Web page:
Dave Lindorff: Censorship American-Style: Hide the US Dead

The Obama administration's freak-out, as expressed by Defense Secretary Robert Gates, over the Associated Press Agency's belated circulation of a photograph of a dying US soldier in Afghanistan, Lance Cpl. Joshua Bernard, is the latest of example of the hypocrisy of US authorities who claim to be concerned about the feelings of American military families, while really simply desiring to censor the war's horrors from the eyes of the American people.

The truth: Americans until only the last 18 years, have been able to see the carnage of war as it has been felt by our own troops from as long ago as there were cameras. Pioneering photographer and war chronicler Matthew Brady brought home the horrors of the US Civil War with photos like this one of dead Union and Confederate soldiers after the Battle of Antietam.

In World War II, while the military tried to prevent publication of the photos of dead American troops at first, by 1944, President Roosevelt lifted the ban, hoping that the images would fire up American resolve on the home front.

Although it was a much less popular war, photos of American dead were plentiful from the Korean War.

Vietnam was awash in press photographers, and the Pentagon never banned them from depicting American casualties.

In fact, when American policy-makers talk about the "lesson of Vietnam," they generally aren't talking about the real lesson of not sending American troops to fight unpopular wars, or of not intervening on the side of corrupt regimes in wars of national liberation, or of not fighting in wars where there is no chance of the US winning. They're talking about the "lesson" of not letting the American people learn the real nature and cost of the war in question.

That's why journalists -- and particularly American journalists -- since Vietnam have been kept on short leashes, and why they are vetted by Pentagon officials and hired media "experts" before they are allowed to be "embedded" with units in the field. It's why the Reagan administration had a navy destroyer turn its guns on, and threaten to sink a small boat carrying reporters trying to make its way to Grenada to cover the US invasion of that island. And it's why since the Gulf War in 1990-91, photographs of American battlefield dead have been banned.

AP deserves credit for finally breaking the ban and offering its photo of a dying soldier, shot in a firefight with Taliban fighters in Afghanistan--even if the news agency did wait three weeks to offer the photo to subscribers. The real shame is that so few American newspapers and electronic media organizations chose to run that photo.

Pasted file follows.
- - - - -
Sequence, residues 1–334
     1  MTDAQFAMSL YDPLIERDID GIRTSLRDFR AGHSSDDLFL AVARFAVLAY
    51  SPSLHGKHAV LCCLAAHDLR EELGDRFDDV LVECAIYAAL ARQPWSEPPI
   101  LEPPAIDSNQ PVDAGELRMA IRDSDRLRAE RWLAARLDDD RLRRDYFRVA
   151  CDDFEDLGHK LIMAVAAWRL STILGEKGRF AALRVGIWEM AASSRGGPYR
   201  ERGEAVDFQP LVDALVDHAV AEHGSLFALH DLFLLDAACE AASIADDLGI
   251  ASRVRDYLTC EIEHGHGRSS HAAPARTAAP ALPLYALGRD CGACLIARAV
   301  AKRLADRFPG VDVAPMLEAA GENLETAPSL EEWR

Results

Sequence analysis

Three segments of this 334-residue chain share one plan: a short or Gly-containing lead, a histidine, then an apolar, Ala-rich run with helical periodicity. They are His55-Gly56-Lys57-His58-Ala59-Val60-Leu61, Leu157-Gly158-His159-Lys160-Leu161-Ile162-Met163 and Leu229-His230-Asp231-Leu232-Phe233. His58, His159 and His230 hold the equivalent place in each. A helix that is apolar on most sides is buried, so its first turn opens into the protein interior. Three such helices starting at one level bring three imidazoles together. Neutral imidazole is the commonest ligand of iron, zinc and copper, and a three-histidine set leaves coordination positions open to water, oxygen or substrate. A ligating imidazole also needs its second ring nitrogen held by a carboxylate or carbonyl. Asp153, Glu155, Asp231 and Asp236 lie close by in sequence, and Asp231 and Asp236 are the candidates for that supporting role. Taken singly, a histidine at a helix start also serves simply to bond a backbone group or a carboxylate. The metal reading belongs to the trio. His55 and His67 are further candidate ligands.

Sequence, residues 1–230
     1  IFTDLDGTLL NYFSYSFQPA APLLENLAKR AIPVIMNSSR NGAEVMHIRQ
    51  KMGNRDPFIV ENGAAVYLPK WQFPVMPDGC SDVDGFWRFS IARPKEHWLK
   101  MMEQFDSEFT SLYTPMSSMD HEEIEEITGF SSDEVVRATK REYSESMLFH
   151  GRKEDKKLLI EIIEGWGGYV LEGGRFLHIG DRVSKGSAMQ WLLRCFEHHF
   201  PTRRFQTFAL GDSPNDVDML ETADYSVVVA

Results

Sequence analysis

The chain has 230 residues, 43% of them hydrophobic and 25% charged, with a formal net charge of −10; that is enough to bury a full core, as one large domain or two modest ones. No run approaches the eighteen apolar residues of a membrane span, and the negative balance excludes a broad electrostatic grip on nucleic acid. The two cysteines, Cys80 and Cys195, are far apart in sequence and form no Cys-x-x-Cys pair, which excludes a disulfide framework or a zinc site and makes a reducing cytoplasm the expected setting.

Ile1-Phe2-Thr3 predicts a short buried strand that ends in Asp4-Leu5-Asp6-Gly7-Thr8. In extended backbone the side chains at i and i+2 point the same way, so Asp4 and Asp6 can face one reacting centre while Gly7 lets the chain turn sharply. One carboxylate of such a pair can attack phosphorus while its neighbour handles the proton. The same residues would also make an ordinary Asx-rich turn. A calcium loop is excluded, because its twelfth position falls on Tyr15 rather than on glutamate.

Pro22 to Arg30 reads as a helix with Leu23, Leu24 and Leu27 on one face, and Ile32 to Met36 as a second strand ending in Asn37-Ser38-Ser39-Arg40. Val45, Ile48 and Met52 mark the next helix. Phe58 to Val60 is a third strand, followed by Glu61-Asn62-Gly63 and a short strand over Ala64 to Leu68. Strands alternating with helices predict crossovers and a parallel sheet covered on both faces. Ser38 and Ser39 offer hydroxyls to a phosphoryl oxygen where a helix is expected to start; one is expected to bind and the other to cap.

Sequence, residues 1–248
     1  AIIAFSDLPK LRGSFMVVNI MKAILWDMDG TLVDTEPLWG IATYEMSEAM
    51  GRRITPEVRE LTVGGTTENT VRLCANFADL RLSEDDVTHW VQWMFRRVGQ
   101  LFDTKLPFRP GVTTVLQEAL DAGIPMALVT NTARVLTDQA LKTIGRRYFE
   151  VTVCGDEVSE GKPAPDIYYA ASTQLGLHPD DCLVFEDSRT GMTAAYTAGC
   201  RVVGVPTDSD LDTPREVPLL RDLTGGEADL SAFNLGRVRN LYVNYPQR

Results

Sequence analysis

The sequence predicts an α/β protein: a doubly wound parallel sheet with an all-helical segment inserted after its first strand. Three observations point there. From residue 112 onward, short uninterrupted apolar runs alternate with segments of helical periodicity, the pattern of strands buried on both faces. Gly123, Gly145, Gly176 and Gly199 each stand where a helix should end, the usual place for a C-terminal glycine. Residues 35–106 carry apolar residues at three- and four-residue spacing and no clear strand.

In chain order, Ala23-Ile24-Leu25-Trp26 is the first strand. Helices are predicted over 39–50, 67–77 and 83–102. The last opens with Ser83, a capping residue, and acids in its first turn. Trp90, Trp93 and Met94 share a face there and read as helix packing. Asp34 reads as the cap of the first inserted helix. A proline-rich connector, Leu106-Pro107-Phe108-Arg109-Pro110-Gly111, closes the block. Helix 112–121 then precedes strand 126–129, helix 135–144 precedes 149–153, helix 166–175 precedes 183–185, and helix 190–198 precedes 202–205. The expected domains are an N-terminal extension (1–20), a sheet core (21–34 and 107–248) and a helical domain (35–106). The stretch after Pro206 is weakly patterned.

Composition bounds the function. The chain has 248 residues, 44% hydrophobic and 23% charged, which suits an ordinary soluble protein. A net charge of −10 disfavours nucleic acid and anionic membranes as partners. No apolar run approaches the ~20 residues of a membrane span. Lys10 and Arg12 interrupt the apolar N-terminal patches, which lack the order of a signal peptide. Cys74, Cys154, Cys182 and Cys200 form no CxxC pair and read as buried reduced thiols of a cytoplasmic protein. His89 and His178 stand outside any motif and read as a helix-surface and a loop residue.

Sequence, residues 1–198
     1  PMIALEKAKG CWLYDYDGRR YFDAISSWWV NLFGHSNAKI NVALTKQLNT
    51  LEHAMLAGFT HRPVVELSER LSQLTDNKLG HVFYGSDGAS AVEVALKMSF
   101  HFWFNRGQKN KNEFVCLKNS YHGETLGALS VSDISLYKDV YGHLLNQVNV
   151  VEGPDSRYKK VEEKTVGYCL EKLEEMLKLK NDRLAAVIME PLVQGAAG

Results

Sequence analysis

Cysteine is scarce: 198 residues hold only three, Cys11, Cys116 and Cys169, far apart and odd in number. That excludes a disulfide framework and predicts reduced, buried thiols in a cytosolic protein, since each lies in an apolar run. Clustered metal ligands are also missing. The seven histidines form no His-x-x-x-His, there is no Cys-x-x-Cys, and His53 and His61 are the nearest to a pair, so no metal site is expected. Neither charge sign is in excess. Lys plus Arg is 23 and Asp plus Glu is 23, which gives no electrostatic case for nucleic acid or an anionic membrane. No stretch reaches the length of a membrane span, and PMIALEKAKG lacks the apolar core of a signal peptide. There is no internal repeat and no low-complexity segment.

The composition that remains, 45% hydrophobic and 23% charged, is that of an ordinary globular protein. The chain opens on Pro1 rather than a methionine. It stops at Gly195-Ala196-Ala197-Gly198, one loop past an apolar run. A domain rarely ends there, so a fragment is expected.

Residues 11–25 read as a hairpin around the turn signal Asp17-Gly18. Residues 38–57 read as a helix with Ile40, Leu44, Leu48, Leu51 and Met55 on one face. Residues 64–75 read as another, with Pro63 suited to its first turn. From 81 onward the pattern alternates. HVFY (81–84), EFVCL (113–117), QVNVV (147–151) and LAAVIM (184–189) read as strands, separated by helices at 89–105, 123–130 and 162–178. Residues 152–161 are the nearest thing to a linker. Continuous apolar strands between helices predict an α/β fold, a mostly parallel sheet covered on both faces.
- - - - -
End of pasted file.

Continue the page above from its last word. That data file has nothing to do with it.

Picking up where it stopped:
Gates claims that AP was "insensitive" to the dead soldier's relatives, but it's hard to see how that can be. The real insensitive thing would be to try to hide his death from the public, as the Pentagon wanted to do. Hell, if the Afghan War is worth fighting, it should be worth dying for, and if it's worth dying for, and if young soldier Bernard gave his life for his country, his death and the manner of his death should not be hidden from his countrypeople. We should all see the terrible price he paid acting in our name.

Were the photographers and news organizations who showed American soldiers dead on the beach in the Pacific in World War II being insensitive?

Were the photographers and news organizations who showed America's dead in Vietnam being insensitive?

Were the photographers and news organizations who showed America's dead in Korea being insensitive?

Was the photographer and news organization which dared to break the ban and publish a photo of America's dead in the Battle of Fallujah in Iraq being insensitive?

I don't think so.

Moreover, there is a terrible double standard at work here, if news organizations accept the censorship or deem it inappropriate to show dead American bodies, but go ahead and show dead bodies of the enemy -- photographs that the media seem to have no problem publishing (though surely it must be painful for their families).

After all, if all we see are dead enemy fighters, it might give the false impression that the war in question -- in this case the Afghanistan War, or what might now be called Obama's War -- is a one-sided affair where the only terrible casualties are those suffered by the "enemy," not by "our boys."

Enough with the censorship! If we are going to be a warlike nation, if we are going to have a public that cheers everytime the government ships off men and women to fight and kill overseas in countries that most Americans cannot even locate on a globe, then let's make sure that everyone at least gets to see the blood and gore in full, including our own, and of course, also the civilian casualties of our military.